When, in 1974, employees at the Japanese design company Sanrio created Hello Kitty, the small, rounded cartoon cat with a red bow between her ears and no mouth, they could never have dreamt that she would become the global megastar she is today. Sales of Hello Kitty merchandise now account for half of Saniro's $1bn (£500m) annual turnover and her face adorns 50,000 products, sold in more than 60 countries.
The little half-Japanese, half-English cat has become so globally recognisable that it is, perhaps, inevitable that the Japanese board of tourism has appointed her their official tourism ambassador to China and Hong Kong. This is not the first time the world has looked to Hello Kitty to perform an ambassadorial role; she has been United States children's ambassador for Unicef since 1983.
Dr Sharon Kinsella, a lecturer at Oxford University on Japanese sociology, thinks that Japan's choice of Hello Kitty as their representative is unsurprising.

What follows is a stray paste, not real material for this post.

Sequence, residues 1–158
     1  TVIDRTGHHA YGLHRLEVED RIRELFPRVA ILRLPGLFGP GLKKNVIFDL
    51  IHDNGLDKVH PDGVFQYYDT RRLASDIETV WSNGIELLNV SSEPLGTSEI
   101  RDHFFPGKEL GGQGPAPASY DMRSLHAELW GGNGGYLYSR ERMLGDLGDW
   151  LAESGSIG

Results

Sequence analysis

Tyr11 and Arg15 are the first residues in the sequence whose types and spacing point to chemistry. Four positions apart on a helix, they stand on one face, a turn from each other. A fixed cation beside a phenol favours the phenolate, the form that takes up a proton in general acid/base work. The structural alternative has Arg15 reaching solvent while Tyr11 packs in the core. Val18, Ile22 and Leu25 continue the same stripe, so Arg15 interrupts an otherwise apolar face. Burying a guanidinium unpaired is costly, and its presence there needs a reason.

"It seems predictable enough to have her adopted as a diplomatic envoy," she says. "That has been the way of the 'Cool Japan' bandwagon for a few years now, and relations with China are no healthier. It seems a bit farcical to select Hello Kitty, however: as if a dumbed-down cultural icon that was cool in her retro boom in the 1990s, and which Chinese teenagers dig, can somehow do something significant to alter the gnarly and difficult state of China-Japan relations."
Hello Kitty's creator started out as the Japanese equivalent of Hallmark cards. Sanrio was founded by Shintaro Tsuji in 1960; Tsuji, a qualified chemist, lost his mother when he was 13 and spent an unhappy childhood with reluctant relatives. He attended a kindergarten run by a Canadian missionary and saw for the first time the custom of birthdays, which were not traditionally celebrated in Japan. He decided he would use his company to foster the culture of gift-giving.
As an experiment in 1971, in the wake of student riots, the company began...
Please join StudyMode to read the full document